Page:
Top Reasons For Dripping Kitchen Faucets
The importance of faucets in any kitchen is undeniable. They are the most indispensable part of the home structure. Any failure of it can cause a huge disruption. And if it is not set in time, then it can lead to a big disaster. Even a little drip can be dangerous.
What damage can a dripping kitchen faucet do to a person?
A drip can cause a lot of damage to a person. It can cause:
– It can lead to a significant increase in water bills.
– It is harmful to the environment because it causes significant water loss. It has been proven that the average leak in a house can result in the waste of 10,000 gallons of water per year.
– In addition, if a small problem with a faucet, such as a dripping faucet, does not get attention at the right time, then it could cost even $1,000 to anyone.
What Causes Kitchen Faucets to Drip?
There are many reasons for a dripping kitchen faucet, such as.
- Worn parts
For a simple drip, a huge complex failure of the faucet is not mandatory. However, a stitch in time saves a life, and this is indeed a true statement. Sometimes, repeated use of a faucet can cause it to break. Over time, parts such as O-rings, seats, washers, seals and rubber may wear out. This is because they have to constantly control the flow of water. Therefore, simply replacing these parts can lead to an increase in the age of the faucet.
- Salty water
Water that is too salty can lead to damage to the faucet. This is because most faucets are made up of iron or galvanized materials. When these materials are exposed to this mineral, it can lead to a faucet disaster.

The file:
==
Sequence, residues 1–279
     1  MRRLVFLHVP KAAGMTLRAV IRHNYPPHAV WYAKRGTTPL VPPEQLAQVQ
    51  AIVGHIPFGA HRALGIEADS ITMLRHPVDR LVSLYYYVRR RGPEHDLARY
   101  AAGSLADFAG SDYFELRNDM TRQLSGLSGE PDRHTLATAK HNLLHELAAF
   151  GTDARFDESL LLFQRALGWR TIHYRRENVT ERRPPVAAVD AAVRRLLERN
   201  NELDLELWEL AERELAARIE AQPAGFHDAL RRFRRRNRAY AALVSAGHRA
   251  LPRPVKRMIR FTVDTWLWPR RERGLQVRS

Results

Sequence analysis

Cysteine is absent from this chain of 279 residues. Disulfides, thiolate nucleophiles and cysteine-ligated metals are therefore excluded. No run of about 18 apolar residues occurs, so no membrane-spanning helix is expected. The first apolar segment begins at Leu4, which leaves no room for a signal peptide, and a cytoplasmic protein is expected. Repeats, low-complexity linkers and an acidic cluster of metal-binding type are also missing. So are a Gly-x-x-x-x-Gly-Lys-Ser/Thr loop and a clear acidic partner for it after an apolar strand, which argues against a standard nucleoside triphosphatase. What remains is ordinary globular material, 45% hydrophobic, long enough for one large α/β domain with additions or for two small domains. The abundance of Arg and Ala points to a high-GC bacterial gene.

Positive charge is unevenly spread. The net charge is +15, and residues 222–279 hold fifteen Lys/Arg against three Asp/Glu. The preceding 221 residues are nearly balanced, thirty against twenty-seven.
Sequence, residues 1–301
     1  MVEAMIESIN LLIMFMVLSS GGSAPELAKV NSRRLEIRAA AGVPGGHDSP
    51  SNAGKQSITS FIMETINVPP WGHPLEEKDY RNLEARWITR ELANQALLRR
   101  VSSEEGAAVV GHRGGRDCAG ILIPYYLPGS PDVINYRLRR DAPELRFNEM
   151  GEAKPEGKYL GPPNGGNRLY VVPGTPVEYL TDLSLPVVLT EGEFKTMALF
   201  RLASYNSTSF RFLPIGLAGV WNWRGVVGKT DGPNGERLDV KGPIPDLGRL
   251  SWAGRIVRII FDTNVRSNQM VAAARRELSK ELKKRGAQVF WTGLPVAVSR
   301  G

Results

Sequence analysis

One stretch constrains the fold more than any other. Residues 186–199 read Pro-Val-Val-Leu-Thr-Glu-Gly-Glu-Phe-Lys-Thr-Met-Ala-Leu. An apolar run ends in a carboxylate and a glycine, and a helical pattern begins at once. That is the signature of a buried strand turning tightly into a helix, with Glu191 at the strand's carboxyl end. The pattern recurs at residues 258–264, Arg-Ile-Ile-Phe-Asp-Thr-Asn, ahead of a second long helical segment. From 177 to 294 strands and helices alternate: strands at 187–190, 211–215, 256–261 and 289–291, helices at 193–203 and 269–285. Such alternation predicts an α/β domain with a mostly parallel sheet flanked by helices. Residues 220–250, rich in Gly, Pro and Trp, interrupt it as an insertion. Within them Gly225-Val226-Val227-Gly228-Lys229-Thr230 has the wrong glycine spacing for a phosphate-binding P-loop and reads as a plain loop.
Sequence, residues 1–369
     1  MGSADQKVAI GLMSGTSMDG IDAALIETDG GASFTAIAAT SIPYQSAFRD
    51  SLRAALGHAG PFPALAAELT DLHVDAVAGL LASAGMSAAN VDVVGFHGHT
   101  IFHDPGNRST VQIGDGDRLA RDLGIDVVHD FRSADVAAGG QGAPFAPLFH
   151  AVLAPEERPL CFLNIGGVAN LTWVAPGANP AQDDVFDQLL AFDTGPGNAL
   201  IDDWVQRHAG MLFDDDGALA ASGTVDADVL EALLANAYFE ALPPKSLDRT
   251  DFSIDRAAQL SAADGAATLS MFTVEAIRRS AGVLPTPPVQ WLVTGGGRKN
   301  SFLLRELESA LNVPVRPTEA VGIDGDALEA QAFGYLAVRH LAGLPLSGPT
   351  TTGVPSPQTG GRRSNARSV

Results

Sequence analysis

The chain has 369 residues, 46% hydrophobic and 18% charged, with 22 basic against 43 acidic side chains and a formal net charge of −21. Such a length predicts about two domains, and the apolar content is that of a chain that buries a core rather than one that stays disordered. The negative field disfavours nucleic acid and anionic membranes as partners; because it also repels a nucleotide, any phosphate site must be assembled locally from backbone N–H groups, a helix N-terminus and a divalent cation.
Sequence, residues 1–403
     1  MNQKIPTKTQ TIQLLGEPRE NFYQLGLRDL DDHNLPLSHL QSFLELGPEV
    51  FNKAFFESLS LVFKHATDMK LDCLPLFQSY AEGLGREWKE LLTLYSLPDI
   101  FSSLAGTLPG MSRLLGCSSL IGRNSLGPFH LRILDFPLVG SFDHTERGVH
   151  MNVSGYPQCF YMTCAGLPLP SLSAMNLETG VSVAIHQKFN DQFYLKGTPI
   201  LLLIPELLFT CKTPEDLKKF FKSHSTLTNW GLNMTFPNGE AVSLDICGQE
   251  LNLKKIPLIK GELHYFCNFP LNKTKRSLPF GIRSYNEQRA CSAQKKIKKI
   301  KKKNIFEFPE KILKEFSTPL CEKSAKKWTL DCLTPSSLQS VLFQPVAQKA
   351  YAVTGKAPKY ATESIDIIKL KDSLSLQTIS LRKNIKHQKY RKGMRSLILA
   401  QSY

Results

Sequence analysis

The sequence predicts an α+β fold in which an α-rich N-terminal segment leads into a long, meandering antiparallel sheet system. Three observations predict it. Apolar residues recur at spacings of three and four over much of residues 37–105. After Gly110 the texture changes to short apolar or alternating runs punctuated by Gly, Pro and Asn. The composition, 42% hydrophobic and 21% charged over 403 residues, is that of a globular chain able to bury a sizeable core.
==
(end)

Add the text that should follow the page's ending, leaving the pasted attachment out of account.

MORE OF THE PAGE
- Mineral Deposits
Condensation of minerals in pipes and valves not only increases the friction between them, but also narrows the area through which water flows. Mineral condensation in the faucet increases the pressure on the valve, the gasket, and even the spout. This leads to the dripping phenomenon.
Dripping can also be caused by friction between the washer and the valve. When the faucet is used, the valve is forced through the washers and the resistance between them wears them down. The rubber present inside the faucet, during compression, also wears the faucet. As a result, the spout of the faucet will drip.
The most common place where faucet dripping occurs is at the O-ring. The faucet is placed in a fixed position with the help of a stem screw. This stem set contains a small disc-like structure called an O-ring that has loosened due to regular use. As a result, the faucet will drip. Such a problem occurs mainly on cartridge faucets.
- Inappropriate installation of washers
Sometimes, when the gasket is not installed by professionals, then it may not fit perfectly. In addition, if the wrong size washer happens to be placed in the faucet, then it can also cause dripping.
- Worn seals
The inlet and outlet sections of a kitchen faucet are basic. When the faucet is constantly used, deposits can condense inside the components. As a result, the faucet will leak. This is one of the most common causes of faucet leaks.
- Loose parts
Sometimes, dripping water is caused by loose parts. When the parts of the faucet are not tight enough to stay in place, then it will cause the faucet to drip. This can be corrected by simply tightening the loose part.
Can I Remove The Supply Hose Attached To The Kitchen Faucet?
Director of Marketing at Reviewshopp (2017-present) April 12, 2018